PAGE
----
Well that is what the Law does, it tells, it reveals but shows no way of deliverance. The Law could not deliver us from the bondage of sin and could only reveal, and sin used the Law to arouse passions in us that ended up producing just fruit of death, thus our master was sin. As far as deliverance by the Law was concerned we were dead. We needed deliverance from the Law that, in itself could not deliver us.

"But sin, taking opportunity by the commandment, produced in me all manner of evil desire. For apart from the law sin was dead." (Romans 7:8)

"BUT NOW" (Romans 7:6) through the death and resurrection of Christ we are delivered from the Law that couldn't deliver us from our state of death. So we need no longer try to serve the Law with the expectancy of deliverance. So now we are free from any expectancy of deliverance from the Law because we have been delivered from the penalty of sin and now have this power within us to deliver us from the power of sin as we allow Him to, because He will eventually deliver us from the presence of sin.

"But now we have been delivered from the law, having died to what we were held by, so that we should serve in the newness of the Spirit and not in the oldness of the letter." (Romans 7:6)

The Law could not deliver us from the penalty of sin (our justification) and neither can it deliver us from the power of sin in this life (our sanctification). And I might add that it will not be the Law that eventually delivers us from the presence of sin.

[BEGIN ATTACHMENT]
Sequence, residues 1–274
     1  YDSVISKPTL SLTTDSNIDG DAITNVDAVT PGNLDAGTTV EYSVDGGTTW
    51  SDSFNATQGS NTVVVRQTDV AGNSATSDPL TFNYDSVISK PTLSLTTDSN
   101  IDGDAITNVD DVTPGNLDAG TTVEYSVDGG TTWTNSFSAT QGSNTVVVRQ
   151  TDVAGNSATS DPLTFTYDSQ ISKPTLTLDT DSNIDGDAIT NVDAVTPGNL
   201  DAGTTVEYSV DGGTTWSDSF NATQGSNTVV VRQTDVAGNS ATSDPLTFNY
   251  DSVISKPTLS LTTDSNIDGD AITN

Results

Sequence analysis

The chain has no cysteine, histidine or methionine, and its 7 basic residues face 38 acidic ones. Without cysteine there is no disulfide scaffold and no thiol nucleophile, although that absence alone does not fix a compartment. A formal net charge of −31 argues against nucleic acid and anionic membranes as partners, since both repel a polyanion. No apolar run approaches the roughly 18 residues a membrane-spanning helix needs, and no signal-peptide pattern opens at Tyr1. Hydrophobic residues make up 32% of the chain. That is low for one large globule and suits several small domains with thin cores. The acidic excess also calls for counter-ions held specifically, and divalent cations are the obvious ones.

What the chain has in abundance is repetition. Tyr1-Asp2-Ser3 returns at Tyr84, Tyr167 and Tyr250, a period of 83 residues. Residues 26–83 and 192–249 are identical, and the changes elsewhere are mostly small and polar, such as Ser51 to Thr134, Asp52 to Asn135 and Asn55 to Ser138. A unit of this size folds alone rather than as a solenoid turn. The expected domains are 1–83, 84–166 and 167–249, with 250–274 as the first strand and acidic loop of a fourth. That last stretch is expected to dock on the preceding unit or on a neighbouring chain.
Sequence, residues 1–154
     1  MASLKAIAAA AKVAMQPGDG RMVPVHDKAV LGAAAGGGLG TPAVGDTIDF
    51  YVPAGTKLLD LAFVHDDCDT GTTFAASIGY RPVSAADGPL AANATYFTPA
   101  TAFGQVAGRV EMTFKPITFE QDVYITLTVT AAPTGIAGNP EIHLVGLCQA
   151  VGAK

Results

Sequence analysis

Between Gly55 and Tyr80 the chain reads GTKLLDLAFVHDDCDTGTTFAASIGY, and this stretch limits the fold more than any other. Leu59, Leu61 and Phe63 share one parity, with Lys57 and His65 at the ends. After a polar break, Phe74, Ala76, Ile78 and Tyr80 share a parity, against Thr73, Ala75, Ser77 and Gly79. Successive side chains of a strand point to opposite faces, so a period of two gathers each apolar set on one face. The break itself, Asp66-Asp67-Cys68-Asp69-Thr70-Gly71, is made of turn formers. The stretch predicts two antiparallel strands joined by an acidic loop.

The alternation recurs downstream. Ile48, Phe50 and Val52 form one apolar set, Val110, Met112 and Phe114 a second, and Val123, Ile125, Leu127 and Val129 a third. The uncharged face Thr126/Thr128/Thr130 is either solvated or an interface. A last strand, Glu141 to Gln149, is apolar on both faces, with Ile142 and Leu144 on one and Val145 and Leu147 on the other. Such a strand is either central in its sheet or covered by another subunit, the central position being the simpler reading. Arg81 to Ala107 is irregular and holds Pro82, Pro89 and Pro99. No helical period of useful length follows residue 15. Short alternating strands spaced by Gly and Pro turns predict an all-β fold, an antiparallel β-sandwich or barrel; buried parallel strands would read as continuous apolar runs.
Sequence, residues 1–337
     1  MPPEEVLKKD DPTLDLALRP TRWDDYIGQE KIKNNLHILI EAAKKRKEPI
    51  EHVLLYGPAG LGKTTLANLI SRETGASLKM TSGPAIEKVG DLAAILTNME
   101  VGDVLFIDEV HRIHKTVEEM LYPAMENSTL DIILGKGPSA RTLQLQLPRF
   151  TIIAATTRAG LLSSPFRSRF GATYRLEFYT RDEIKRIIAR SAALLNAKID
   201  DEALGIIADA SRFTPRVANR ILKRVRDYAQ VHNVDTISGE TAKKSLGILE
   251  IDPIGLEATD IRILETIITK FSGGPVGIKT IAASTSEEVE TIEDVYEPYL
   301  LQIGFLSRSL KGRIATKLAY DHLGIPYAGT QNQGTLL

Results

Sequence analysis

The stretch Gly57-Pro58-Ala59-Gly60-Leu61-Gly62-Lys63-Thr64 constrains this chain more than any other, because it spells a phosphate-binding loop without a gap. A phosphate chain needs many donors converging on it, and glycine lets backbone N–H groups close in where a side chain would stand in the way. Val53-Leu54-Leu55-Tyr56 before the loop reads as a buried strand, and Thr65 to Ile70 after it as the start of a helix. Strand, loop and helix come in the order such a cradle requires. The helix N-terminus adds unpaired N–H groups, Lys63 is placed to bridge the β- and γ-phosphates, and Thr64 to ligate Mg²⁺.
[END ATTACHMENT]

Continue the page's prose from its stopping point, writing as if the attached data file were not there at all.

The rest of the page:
We have been saved from the penalty of sin and have a new nature within us, a new creation, the new man that desires to do the will of God and be delivered from this power of sin but just doesn't seem to have the power to accomplish it.

The new nature tries but just seems powerless to this power of sin within us that is not dead unto us. We just cannot command and control this old nature by presenting the Law to it and trying to make it straighten up and even making more rules for it to abide by (and some of our rules can be just as strict as God's). This tells us that we still have confidence in this flesh and God has no confidence in it, and all He could do with it is crucify it.

Making more rules and regulations is the way we are convinced we can make this flesh do right, even though it has been proved to us by God's Word that we can't even keep the rules and regulations God has set up, let alone more that we set up. This would be turning the Christian life into a religion of works. This would all be our pride; that we could dress up something that God saw no use for and crucified it. It is easier for us to make rules and regulations than to look to God by faith to live this Christian life His way.

Neither can we present the Law to the new nature and tell it to keep it. The new nature delights in the Law of God and wants to keep it, but just seems powerless to accomplish it.